Taking a home office deduction on your taxes may be one of many perks of working from home. But that doesn't mean it's easy. If fact, rarely is anything simple when it comes to income taxes, especially if you take the home office deduction. And now the IRS has "simplified" the process by giving you another choice with a new standard deduction for a home office deduction.
If all this leaves you with questions about taking a home office deduction, look here for some answers.
What are the IRS rules about taking a home office deduction?
According to IRS rules, home office expenses can only be deducted when a "specific area of your home" is used "regularly and exclusively as your principal place of business." However, if you use the home office space as a "place to meet or deal with patients, clients, or customers," even if it is not your principal place of business, you may still qualify to take a home office deduction.
That clears it all up, right?
If not, read on for more information on how each of those terms about taking a home office deduction applies in the real world.
What is the "simplified" home office deduction?
If you meet all the requirements to take a home office deduction, you then have the choice as to how to calculate it. You can deduct actual expenses such as a portion of your rent or mortgage interest and utilities or you can take a "standard" deduction of $5 per square foot.
What expenses qualify for a home office deduction?When you look at your home office you may see a whole room filled with equipment, furniture and shelving, that all cost you a pretty penny. And so if you qualify for a home office deduction (and are not using the non-simplified method of calculating it), you are eager to deduct it all.
But when figuring a home office deduction for independent contractors, the IRS separates out those less permanent features from the space itself, though many are still deductible elsewhere. Also home office expenses are categorized as either direct or indirect, and only direct expenses are fully deductible. (see examples of direct and indirect home office expenses.) Read on to find out more about what is deductible and what is not.
More: What Is Deductible
If I qualify for a home office deduction, is it good idea to take one?
As with anything else, taking a home office deduction has its pros and cons. Most who qualify for a home office deductions will want to take it, but you always want to be aware of the potential pitfalls such as an increased likelihood of an audit and a possible increase in your capital gains tax when you sell your home (if you don't use the simplified method). Read on for more information to help with this decision.
What are the rules for telecommuting employees taking a home office deduction?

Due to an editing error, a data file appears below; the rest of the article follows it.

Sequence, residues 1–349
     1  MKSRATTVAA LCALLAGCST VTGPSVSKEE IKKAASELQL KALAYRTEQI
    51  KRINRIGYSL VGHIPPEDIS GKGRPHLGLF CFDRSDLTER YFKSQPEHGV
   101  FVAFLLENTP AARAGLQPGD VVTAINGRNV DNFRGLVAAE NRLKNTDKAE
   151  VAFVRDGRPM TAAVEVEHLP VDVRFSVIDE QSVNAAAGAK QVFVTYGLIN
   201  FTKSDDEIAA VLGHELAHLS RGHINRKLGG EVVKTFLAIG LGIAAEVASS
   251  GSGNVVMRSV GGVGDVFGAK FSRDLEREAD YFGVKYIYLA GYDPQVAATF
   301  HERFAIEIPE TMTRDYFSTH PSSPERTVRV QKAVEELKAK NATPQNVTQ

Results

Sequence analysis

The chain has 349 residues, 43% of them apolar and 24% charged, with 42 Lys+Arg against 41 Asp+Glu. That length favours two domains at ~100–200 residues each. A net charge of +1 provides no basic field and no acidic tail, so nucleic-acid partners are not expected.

If you telecommute and are an employee, the IRS has additional rules for your home office deduction. The key distinction is that telecommuting employees must be working at home for the convenience of their employers, while an independent contractor with a home office has no such requirement. Read on for more information on this caveat as well as filing requirements for employees.
What paperwork should I save if I am taking a home office deduction?
Save documentation relating to direct expenses for for your home office and indirect expenses for your entire home. This includes mortgage statements, rent receipts, utility bills, taxes statements and more. Even if you plan to use the simplified method and can't deduct expenses, you'll want to save this information so you can compare and see which is more beneficial for you. Read on for more information.
What tax form do I use to calculate home office deduction expenses?
If you are an independent contractor filing a Schedule C, use IRS Form 8829 Expenses for Business Use of Your Home to calculate expenses for business use of your home, if you are deducting actual expenses for your home. (This form is not used to deduct office equipment or furniture, which are deducted on Schedule C, but only to calculate the deduction for use of your home.) If you are using the simplified method to calculate the deduction, you will do this on Schedule C.
If you are a telecommuting employee use Form 2106 Employee Business Expenses to calculate the deductible expenses, then enter the amount on Schedule A. (You must itemize in order to claim this deduction).
More: Useful Tax Forms
I am not a tax attorney, CPA or tax preparation specialist. The information here is meant as a general guide. For specific questions about your own taxes, please refer to IRS publications or consult a tax specialist.